Even for those lucky enough to have the money to pay the smugglers, safety was far from guaranteed. Roh said one boy from his home village was send funds for the passage by his family and was taken by smugglers into Turkey, where he boarded a boat for Greece.
But the boat sank. Roh’s friend disappeared into the ocean, and his body has never been found.
‘I was always under threat,’ he said. ‘While you’re in the midst of it you don’t realise, it’s only when you get somewhere safer that it hits you.’
Fortunately for Roh, salvation came in the form of a phone call from his father, who he connected with through a middle man in Iran. Until then, he knew nothing of his father’s fate and had no idea whether he was alive or dead.
It turned out that he was actually living in Manchester, having been granted political asylum in the UK.
His father told Roh that the rest of his family was living in Pakistan and that he should go there and meet up with them, so that they could all apply to join him. In 2004, their request was granted and the family flew to Manchester where they were reunited.
The Taliban has pledged a general amnesty and said there will be no reprisal attacks against those who worked with western forces, but already multiple reports have emerged of summary executions and torture
While western forces managed to evacuate more than 100,000 Afghans (pictured arriving at Washington Dulles airport), tens of thousands more were left behind – and now face an arduous journey to reach the west
But, had it not been for that chance phone call, Roh says he would be dead.
‘The threat was always that we would been returned to Afghanistan. It was likely I would have been taken back to be killed. But,’ he said, ‘had the ordeal carried on for much longer [death] would have been self-inflicted.’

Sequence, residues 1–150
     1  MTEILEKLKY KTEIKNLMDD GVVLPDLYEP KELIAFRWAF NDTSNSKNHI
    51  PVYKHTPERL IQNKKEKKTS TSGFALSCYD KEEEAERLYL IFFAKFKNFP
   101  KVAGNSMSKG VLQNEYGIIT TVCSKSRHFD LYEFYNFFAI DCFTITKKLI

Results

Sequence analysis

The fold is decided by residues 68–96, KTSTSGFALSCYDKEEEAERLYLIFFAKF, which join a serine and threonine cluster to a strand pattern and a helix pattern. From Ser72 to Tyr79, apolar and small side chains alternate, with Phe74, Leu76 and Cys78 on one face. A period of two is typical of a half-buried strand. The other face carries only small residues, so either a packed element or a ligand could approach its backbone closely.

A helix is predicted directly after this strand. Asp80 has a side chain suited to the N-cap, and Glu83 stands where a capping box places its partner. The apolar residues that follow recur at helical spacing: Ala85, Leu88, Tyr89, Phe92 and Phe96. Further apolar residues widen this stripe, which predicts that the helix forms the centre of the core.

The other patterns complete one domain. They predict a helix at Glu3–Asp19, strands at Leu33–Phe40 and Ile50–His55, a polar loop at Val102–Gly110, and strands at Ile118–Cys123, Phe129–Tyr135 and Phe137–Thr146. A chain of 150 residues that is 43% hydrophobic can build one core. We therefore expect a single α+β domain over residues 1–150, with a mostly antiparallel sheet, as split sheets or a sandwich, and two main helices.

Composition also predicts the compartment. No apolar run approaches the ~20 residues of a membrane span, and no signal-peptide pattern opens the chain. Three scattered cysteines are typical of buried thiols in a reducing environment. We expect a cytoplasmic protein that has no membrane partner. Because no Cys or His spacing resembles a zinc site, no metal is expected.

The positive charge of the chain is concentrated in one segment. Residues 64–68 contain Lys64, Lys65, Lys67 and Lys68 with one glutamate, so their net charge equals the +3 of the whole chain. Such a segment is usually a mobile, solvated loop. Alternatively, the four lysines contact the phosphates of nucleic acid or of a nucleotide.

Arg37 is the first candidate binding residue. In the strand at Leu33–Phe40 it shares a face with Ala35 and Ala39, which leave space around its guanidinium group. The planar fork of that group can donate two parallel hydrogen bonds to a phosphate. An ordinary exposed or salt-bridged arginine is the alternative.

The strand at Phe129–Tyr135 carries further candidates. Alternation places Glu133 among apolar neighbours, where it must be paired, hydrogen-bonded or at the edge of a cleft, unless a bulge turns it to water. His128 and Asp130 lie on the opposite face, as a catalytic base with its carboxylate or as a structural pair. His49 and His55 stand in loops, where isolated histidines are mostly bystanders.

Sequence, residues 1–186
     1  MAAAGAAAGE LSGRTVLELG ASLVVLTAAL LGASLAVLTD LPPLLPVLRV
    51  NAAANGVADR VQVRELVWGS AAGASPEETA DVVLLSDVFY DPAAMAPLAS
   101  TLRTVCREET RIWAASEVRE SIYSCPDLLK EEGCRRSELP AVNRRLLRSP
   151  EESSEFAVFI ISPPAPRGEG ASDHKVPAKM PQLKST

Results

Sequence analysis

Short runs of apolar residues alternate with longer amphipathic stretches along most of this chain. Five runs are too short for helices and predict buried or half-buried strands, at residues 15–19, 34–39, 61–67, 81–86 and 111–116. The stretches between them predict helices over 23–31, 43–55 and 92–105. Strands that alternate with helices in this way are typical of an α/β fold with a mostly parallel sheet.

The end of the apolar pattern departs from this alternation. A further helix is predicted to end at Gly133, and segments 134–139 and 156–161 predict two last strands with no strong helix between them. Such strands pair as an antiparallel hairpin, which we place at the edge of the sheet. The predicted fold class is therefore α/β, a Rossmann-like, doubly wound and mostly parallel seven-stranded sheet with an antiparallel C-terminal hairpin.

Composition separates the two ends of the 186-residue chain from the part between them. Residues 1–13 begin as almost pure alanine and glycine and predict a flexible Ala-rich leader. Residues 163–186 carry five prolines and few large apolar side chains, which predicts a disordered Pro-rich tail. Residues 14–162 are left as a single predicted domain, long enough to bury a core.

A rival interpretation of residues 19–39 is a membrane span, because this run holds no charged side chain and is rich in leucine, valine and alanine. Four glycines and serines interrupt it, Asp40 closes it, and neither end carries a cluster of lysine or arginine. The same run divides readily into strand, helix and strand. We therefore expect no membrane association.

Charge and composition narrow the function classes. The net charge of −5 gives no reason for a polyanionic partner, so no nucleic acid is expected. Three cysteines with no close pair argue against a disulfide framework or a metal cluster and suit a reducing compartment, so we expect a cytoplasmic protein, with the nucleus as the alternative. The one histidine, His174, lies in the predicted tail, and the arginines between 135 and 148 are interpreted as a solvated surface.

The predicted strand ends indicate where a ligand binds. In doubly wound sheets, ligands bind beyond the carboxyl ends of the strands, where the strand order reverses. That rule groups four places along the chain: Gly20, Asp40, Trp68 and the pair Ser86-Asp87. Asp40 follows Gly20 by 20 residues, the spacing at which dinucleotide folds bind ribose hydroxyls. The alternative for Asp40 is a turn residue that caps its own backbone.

Some 600,000 Afghans have been displaced by fighting in Afghanistan since the start of the year, which has seen the Taliban rapidly retake the country from government forces – with the Islamists now holding more territory than they did in the 1990s and armed with American weapons seized from the Afghan army.
Hundreds of those refugees are thought to be western civilians, while tens of thousands more are Afghans who were promised sanctuary in return for helping US, UK and NATO forces – but who got left behind amid a chaotic withdrawal that saw 13 American troops killed.
Footage taken in recent days near Nimroz, in southern Afghanistan, shows thousands of people already streaming across the desert towards the Pakistan border in the hopes of reaching Iran.
The vast majority of Afghan refugees end up settling in one of those two countries, but significant numbers are expected to cross into Turkey and – from there – try to get into Europe, sparking fears of a second refugee crisis.
Among them will almost certainly be those the west promised to help, but ultimately betrayed and left behind under Taliban rule.
‘Those who have been working with British forces… the question of whether we should be letting them in shouldn’t really be asked,’ Roh said. ‘They risked their lives for it.
‘What I really want people to understand is that people don’t become refugees because they want to. The best place for anyone is their own home, their own village – anyone who is forced out of their home or their village, that process will scar them.’
But, despite all of the hardships suffered by troops stationed in Afghanistan for the last 20 years and the fate facing refugees now, Roh still believes the war was worth it – and is far from over.
‘The war is over for America, it is over for Britain, it is not over for Afghanistan,’ he said.
‘It will become a safe haven for terrorists, it will continue to be the world’s largest drug producer. There is a civil war to be had, but the history of Afghanistan shows the Taliban will not last.’